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In this article dedicated to the magnificent carnivorous plants of the genus Nepenthes we will delve together into all the highlights for a good cultivation of this tropical carnivorous plant without overcomplicating life so that you can rejoice in the lush growth and be able to admire the formation of new leaves and traps in bright shapes and colors!

Yes! Being a tropical carnivorous plant Nepenthes needs more care than Dionaea, Sarracenia and the more hardy sundews. So it is worth knowing them and especially knowing the key points for growing Nepenthes as it may seem difficult, but difficult it is not!

Many neophytes or inexperienced enthusiasts are impressed by this magnificent carnivorous plant that goes by the name of Nepenthes, unfortunately in the absence of experience and basic knowledge experiments do not always have a positive result, giving rise to the belief that these are difficult plants to grow and therefore many throw in the towel right away. That is why it is worth investing 10 minutes to learn about these carnivorous plants, their habitat and how to take care of Nepenthes in an article that aims to divulge basics and small tricks to not make mistakes and easily grow this carnivorous plant!

Come si coltivano le Nepenthes? Habitat

Nepenthes is a tropical, semi-climbing carnivorous plant belonging to the Genus Nepenthaceae, generally they find their ideal Habitat among the rainforests and montane forests of the Malay Archipelago, Borneo, New Guinea, Indonesia, the Philippines and Western Australia where they grow by using the tendril that connects the leaf to the ascidium to “cling” to the surrounding vegetation and grow taller (some can reach up to 15 meters in height). Some species can also be seen in Madagascar, Sri Lanka and parts of India and China.

Nepenthes is a predominantly terrestrial carnivorous plant that sinks its delicate roots into nutrient-poor, inert organic-rich, draining and very light soils. Therefore, as with all carnivorous plants, the scarcity of essential nutrients at the root level has led these plants to develop exceptional adaptations in order to live in a decidedly harsh environment.

I speak of exceptional adaptations in that Nepenthes are not limited to catching insects or small animals, over millions of years of evolution they have created a special bond with the environment and the animals that inhabit their own Habitat. In fact, some Nepenthes are “detritivores,” meaning that they are able to exploit organic waste (e.g., fallen leaves from other plants) for their own benefit. Others, such as the famous Nepenthes lowii , produce an exudate on the inner page of the operculum of the ascidium. This substance turns out to be very sweet and to have a mildly laxative effect on small rodents and birds that are attracted to such nectar and will unconsciously use the ascidia as a toilet.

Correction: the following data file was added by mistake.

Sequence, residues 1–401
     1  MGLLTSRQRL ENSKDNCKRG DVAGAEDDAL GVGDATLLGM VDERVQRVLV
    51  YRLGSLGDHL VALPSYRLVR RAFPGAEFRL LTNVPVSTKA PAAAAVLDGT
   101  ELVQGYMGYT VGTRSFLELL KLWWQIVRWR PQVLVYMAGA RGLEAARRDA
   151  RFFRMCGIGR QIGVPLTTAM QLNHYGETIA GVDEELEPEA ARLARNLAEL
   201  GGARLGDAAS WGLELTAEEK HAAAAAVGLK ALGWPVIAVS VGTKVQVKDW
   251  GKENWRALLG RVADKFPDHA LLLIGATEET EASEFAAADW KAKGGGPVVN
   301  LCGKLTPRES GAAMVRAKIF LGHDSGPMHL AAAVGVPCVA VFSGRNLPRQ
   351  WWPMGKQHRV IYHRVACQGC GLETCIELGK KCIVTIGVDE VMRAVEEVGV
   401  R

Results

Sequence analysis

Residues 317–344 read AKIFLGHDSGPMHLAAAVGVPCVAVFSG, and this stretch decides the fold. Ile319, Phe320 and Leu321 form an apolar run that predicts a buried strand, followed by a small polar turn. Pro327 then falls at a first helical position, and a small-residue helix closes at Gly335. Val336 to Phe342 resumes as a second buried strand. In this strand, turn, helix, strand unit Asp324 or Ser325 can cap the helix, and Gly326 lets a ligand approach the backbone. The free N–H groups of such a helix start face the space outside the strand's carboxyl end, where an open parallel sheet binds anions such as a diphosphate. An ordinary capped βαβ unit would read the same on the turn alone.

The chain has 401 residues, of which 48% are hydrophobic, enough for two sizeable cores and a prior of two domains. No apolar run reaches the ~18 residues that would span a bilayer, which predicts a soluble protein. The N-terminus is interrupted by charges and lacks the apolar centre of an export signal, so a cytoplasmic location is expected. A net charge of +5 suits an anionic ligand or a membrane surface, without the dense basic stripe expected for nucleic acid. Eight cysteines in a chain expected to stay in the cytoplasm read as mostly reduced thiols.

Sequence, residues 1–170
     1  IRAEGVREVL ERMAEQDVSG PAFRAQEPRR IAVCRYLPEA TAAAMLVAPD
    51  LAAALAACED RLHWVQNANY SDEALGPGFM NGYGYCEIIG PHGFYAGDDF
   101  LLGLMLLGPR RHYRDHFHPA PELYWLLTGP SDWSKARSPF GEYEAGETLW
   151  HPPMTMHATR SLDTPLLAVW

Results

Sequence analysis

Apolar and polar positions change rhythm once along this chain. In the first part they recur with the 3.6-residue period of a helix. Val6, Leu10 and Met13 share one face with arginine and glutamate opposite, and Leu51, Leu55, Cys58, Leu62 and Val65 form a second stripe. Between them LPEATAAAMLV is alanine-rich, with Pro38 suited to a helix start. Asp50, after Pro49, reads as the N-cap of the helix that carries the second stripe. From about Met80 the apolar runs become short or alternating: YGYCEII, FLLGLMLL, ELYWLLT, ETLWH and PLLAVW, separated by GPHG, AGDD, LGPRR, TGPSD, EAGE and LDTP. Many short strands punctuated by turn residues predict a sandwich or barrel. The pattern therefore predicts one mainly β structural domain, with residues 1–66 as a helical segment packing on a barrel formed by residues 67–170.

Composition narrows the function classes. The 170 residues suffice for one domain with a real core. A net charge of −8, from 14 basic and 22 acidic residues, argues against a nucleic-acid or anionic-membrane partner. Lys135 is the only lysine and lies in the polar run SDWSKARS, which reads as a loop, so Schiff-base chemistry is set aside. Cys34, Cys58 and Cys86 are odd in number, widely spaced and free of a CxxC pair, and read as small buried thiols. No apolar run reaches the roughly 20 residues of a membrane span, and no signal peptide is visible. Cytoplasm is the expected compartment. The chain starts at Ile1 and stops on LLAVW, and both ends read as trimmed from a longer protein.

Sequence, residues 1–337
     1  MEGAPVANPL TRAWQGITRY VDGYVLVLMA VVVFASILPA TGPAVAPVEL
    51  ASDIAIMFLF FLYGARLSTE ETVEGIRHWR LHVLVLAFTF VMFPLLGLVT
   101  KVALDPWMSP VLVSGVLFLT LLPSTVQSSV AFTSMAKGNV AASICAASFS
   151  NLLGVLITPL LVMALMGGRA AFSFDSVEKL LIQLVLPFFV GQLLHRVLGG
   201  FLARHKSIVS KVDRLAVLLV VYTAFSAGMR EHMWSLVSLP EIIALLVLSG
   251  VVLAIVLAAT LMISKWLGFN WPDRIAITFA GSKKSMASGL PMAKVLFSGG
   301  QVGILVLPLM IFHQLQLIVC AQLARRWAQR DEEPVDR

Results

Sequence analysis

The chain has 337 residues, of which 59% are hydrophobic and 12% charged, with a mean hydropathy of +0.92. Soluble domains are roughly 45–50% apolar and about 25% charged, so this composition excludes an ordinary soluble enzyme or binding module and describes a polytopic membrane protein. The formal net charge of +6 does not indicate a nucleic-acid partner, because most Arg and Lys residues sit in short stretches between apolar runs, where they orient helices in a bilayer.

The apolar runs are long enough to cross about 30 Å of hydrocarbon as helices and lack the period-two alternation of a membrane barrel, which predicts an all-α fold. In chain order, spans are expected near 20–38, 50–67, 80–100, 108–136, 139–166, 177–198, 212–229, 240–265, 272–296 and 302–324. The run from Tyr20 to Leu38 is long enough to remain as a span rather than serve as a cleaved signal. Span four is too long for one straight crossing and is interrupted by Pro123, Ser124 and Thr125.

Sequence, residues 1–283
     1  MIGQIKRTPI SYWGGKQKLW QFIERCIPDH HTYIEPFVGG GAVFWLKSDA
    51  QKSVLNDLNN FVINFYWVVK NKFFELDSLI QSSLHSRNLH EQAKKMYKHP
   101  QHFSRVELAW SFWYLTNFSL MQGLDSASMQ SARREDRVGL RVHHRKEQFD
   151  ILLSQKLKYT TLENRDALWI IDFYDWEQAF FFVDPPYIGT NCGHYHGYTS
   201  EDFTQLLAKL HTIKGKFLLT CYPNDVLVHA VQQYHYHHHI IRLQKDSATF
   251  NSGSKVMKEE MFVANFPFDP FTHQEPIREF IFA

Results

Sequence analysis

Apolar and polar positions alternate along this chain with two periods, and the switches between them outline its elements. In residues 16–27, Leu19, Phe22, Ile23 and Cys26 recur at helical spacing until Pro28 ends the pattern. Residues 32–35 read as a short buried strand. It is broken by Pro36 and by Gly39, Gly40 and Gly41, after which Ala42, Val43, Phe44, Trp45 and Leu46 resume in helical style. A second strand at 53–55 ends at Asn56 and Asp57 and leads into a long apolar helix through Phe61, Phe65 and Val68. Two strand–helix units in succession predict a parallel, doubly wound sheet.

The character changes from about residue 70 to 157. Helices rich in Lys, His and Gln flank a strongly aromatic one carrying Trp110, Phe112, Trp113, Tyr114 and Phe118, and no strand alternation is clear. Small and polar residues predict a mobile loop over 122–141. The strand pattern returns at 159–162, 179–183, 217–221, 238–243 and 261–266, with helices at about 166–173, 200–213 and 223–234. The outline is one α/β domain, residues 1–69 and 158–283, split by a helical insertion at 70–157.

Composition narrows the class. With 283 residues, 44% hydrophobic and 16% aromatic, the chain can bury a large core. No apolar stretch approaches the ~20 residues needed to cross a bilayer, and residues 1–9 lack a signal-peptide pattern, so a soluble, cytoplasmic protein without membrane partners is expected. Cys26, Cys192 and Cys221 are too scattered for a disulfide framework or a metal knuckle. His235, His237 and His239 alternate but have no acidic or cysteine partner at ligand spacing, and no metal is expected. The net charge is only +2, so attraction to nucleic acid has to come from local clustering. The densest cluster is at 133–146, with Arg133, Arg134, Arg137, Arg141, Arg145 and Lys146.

After a brief introduction on habitat it is absolutely necessary to divide the genus Nepenthes into two main categories, namely, Nepenthes lowland and Nepenthes highland. As already mentioned they are carnivorous plants that find their ideal environment in rainy tropical mountain forests.

So what do lowland and highland mean?

These are two terms that are used to define the altitude at which they live, this is because between a lowland and a highland environment there is a significant difference in terms of temperature and environmental conditions. Therefore, the various species of Nepenthes have evolved by adapting to these conditions that are strictly necessary for their growth. This means that a lowland Nepenthes is unlikely to adapt to a highland environment and vice versa.

However, most Nepenthes (especially a great many hybrids between the two categories) we can say are intermediate, that is, adaptable to a middle ground between the two extreme conditions, so no fear!

It is compulsory for us to briefly acquaint you with these conditions so that you can best learn about the Nepenthes genus and consequently choose the plant that is right for you and be able to care for it in the best possible way.


We define by the term lowland those environmental conditions that we can find in mountain forests located from the “base” of the mountain up to an elevation difference of about 1000 meters.

In this environment, temperatures are generally constant, not less than 20°c and not more than 30°c.

The most common Nepenthes lowland are:

Come si coltivano le Nepenthes? Condizione lowland


In the range of Nepenthes growing in intermediate conditions, i.e., a “middle ground” between the two extremes lowland and highland we can include all those Nepenthes that find their ideal habitat at an elevation difference between about 1000 m and 1500 m.